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SELECTBIO Conferences Biofabrication & Biomanufacturing Europe 2019

Noah Malmstadt's Biography

Noah Malmstadt, Professor, Mork Family Dept. of Chemical Engineering & Materials Science, University of Southern California

Noah Malmstadt is Professor at the University of Southern California. He received a BS in Chemical Engineering from Caltech and a PhD in Bioengineering from the University of Washington. Following postdoctoral work at UCLA, he joined the Mork Family Department of Chemical Engineering and Materials Science at USC in 2007. Malmstadt is the recipient of a 2012 Office of Naval Research Young Investigator award. His research focuses on microfluidic strategies to facilitate material fabrication and biophysical analysis. He has pioneered the integration of ionic liquids as solvents in droplet microreactors and the application of microfluidic systems to synthesizing biomimetic cell membranes. Microfluidic analytical techniques he has developed include methods for measuring the permeability of cell membranes to druglike molecules and techniques for measuring ionic currents through membrane proteins.

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Modular 3D Printed Microfluidic Systems: Design with Manufacturability in Mind

Friday, 21 June 2019 at 10:45

Add to Calendar ▼2019-06-21 10:45:002019-06-21 11:45:00Europe/LondonModular 3D Printed Microfluidic Systems: Design with Manufacturability in MindBiofabrication and Biomanufacturing Europe 2019 in Rotterdam, The NetherlandsRotterdam, The

Traditional approaches to microfluidic fabrication and modeling have relied on custom fabrication work flows that often focus on limited runs of one-off devices. This has led to a high cost that has limited the adaption of microfluidic systems for real-world applications. We have been developing an alternate approach to microfluidic fabrication that focuses on manufacturing modular components which are then assembled into microfluidic analytical systems. Each component can be manufactured in large production runs and the resulting manufacturing tolerances can be analyzed statistically. We have developed a stochastic model that uses these tolerances to facilitate a full design workflow that allows for us to specify the operational envelop of the completed system. This approach also allows for the direct incorporation of off-the-shelf electronic and mechanical components, providing functionality at low cost and using parts with well documented performance characteristics. While our current manufacturing workflow is based on stereolithographic 3D printing, this approach can easily be adapted to other low-cost manufacturing techniques, including injection molding, embossing, and machining.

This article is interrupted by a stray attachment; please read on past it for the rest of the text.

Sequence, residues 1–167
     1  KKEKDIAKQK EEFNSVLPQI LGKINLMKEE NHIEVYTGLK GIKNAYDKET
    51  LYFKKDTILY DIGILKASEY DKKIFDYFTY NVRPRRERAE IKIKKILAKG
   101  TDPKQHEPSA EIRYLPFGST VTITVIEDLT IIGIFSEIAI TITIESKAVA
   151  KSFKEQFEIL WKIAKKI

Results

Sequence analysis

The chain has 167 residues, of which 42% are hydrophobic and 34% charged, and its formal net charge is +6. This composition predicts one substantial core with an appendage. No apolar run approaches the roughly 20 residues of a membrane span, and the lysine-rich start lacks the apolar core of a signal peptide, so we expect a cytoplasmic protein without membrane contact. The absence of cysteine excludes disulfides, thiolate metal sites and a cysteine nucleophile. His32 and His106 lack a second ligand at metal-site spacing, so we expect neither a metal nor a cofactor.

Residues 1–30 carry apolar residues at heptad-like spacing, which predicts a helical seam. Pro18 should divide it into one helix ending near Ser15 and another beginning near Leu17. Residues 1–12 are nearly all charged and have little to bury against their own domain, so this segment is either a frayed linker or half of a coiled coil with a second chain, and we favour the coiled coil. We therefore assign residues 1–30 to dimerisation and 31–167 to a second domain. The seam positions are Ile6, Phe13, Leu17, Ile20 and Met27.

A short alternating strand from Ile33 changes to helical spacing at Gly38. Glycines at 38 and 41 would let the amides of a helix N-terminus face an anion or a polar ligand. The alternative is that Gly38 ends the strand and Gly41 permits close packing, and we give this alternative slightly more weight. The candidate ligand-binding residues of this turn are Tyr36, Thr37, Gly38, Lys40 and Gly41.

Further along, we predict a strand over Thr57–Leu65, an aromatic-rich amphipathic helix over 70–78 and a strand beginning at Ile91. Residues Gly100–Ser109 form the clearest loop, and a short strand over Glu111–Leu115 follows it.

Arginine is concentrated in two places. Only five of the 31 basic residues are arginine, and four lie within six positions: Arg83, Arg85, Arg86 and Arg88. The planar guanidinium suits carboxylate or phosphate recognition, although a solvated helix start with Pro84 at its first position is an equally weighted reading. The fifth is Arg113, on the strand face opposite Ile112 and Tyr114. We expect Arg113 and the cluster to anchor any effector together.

Add to Calendar ▼2019-06-20 00:00:002019-06-21 00:00:00Europe/LondonBiofabrication and Biomanufacturing Europe 2019Biofabrication and Biomanufacturing Europe 2019 in Rotterdam, The NetherlandsRotterdam, The